All About Acupuncture
What is acupuncture?
Acupuncture is one of the oldest, most commonly used systems of healing
in the world. Originating in China some 3,500 years ago, only in the last
three decades has it become popular in the United States. In 1993, the
Food and Drug Administration estimated that Americans made up to 12 million
visits per year to acupuncture practitioners and spent upwards of half
a billion dollars on acupuncture treatments.
Traditional Chinese medicine hold that there are as many as 2,000 acupuncture points on
the human body, which are connected by 20 pathways (12 main, 8 secondary) called meridians.
These meridians conduct energy, or qi (pronounced "chi"), between the surface of the
body and its internal organs. Each point has a different effect on the qi that passes
Qi is believed to help regulate balance in the body. It is influenced by the
opposing forces of yin and yang, which represent positive and negative energy and forces in
the universe and human body. Acupuncture is believed to keep the balance between yin and
yang, thus allowing for the normal flow of qi throughout the body and restoring health to the
mind and body.
How does it work?
Several theories have been presented as to exactly how acupuncture works. One
theory suggests that pain impulses are blocked from reaching the spinal cord or brain at
various "gates" to these areas. Since a majority of acupuncture points are either connected to
(or are located near) neural structures, this suggests that acupuncture stimulates the
Another theory suggests that acupuncture stimulates the body to produce
narcotic-like substances called endorphins, which reduce pain. Other studies have found that other
pain-relieving substances called opiods may be released into the body during
Does it hurt?
Unlike hypodermic needles, acupuncture needles are solid and hair-thin, and they are
not designed to cut the skin. They are also inserted to much more shallow levels
than hypodermic needles, generally no more than a half-inch to an inch depending on the type
of treatment being delivered.
While each person experiences acupuncture differently, most people feel only a
minimal amount of pain as the needles are inserted. Some people reportedly feel a sensation
of excitement, while others feel relaxed. If you experience significant pain from the
needles, it may be a sign that the procedure is being done improperly.
Is it safe?
When practiced by a licensed, trained acupuncturist, acupuncture is extremely safe. As
a system of health care, acupuncture already has some inherent safeguards. Because
the treatment is drug-free, patients do not have to worry about taking several doses of
a medication or suffering a possible adverse reaction.
Properly administered, acupuncture does no harm. However, there are certain conditions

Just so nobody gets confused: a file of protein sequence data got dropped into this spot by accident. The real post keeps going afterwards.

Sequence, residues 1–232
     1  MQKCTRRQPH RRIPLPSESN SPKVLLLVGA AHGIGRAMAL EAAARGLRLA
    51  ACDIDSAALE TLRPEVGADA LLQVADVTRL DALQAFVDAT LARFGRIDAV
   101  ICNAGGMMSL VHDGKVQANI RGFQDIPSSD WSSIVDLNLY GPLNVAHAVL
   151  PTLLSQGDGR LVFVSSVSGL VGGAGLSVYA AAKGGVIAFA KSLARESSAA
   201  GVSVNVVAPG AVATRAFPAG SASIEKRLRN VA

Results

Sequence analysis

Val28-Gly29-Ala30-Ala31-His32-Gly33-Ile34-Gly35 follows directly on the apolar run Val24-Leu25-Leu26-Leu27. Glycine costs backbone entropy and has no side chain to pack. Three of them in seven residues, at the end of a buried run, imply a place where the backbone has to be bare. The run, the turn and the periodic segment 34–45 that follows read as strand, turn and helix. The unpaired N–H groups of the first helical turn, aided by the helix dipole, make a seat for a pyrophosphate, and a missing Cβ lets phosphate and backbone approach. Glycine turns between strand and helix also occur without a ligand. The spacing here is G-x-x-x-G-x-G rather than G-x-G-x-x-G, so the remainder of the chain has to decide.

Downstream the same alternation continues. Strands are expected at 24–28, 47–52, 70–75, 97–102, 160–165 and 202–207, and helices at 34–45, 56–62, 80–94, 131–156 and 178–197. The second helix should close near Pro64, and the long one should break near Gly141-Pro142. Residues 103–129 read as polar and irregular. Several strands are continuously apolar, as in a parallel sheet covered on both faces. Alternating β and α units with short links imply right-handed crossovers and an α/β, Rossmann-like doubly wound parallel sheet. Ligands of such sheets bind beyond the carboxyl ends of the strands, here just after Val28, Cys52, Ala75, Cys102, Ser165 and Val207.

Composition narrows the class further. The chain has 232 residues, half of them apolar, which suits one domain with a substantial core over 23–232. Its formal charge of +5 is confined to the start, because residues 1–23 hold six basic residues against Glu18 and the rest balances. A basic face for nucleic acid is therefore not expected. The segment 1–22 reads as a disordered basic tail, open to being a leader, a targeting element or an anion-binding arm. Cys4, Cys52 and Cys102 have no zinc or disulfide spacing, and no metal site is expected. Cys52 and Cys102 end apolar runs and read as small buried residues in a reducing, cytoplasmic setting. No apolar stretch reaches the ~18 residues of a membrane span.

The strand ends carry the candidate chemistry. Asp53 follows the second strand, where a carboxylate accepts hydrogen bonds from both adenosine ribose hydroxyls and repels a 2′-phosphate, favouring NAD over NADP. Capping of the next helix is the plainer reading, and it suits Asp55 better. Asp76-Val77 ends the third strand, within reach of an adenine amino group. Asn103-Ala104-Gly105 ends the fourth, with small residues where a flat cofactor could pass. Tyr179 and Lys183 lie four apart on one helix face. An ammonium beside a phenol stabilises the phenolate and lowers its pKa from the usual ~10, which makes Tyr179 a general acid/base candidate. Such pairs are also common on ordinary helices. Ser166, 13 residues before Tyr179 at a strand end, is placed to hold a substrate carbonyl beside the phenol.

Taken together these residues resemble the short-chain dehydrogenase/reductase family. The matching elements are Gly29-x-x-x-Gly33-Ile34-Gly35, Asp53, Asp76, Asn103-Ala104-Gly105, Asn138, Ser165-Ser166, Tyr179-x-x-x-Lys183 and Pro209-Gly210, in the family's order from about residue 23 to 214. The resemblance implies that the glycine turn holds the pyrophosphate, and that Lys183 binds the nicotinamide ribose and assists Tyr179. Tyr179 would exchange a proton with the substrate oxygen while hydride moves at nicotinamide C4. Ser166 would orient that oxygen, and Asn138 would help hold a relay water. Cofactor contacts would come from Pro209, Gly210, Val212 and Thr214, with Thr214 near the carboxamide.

you should notify an acupuncturist about before undergoing treatment. If you have a
pacemaker, for instance, you should not receive electroacupuncture due to the possibility
of electromagnetic interference with the pacemaker. Similarly, if you have a tendency to
bleed or bruise easily, or if you are a hemophiliac, you may want to consider a different type
What conditions does it treat?
In the late 1970s, the World Health Organization recognized the ability of acupuncture
and Oriental medicine to treat nearly four dozen common ailments, including
neuromusculoskeletal conditions (such as arthritis, neuralgia, insomnia, dizziness, and neck/shoulder
pain); emotional and psychological disorders (such as depression and anxiety);
circulatory disorders (such as hypertension, angina pectoris, arteriosclerosis and anemia);
addictions to alcohol, nicotine and other drugs; respiratory disorders (such as emphysema,
sinusitis, allergies and bronchitis); and gastrointestinal conditions (such as food allergies,
ulcers, chronic diarrhea, constipation, indigestion, intestinal weakness, anorexia and gastritis).
In 1997, a consensus statement released by the National Institutes of Health
found that acupuncture could be useful by itself or in combination with
other therapies to treat addiction, headaches, menstrual cramps, tennis
elbow, fibromyalgia, myofascial pain, osteoarthritis, lower back pain,
carpal tunnel syndrome and asthma.
Other studies have demonstrated that acupuncture may help in the rehabilitation
of stroke patients and can relieve nausea in patients recovering from
What should I expect on my first visit?
As with most health practitioners, the first visit to an acupuncturist
usually begins with the practitioner taking a detailed history. Since
traditional Chinese medicine takes a more holistic approach to patient
care than Western medicine, you may be asked questions that appear unimportant
(questions about your sleep habits, your ability to tolerate heat or cold,
your dietary habits, etc.) but are actually vital to the type of care
you will receive.
After reviewing your history, the practitioner will begin diagnosing
your ailment. Depending on your condition, you may be subjected to an
examination of the tongue, as well as an examination of the pulse
a major diagnostic technique in traditional Chinese medicine.
Using all of the information obtained during the history and diagnosis,
the practitioner will then determine the cause of your symptoms. Depending
on the condition, needles will be inserted into specific acupuncture points
on the body. The acupuncturist may use moxa or electrical stimulation
to enhance acupuncture's therapeutic effect.
Depending on the seriousness and the length of your condition, your first
visit may take between 30-60 minutes. It may take several visits to see
significant improvement or cure your condition. As with any treatment
plan, however, make sure that your questions are answered completely,
and that the treatment plan seems viable and reasonable. If you don't
understand a particular technique or type of treatment, make sure to ask.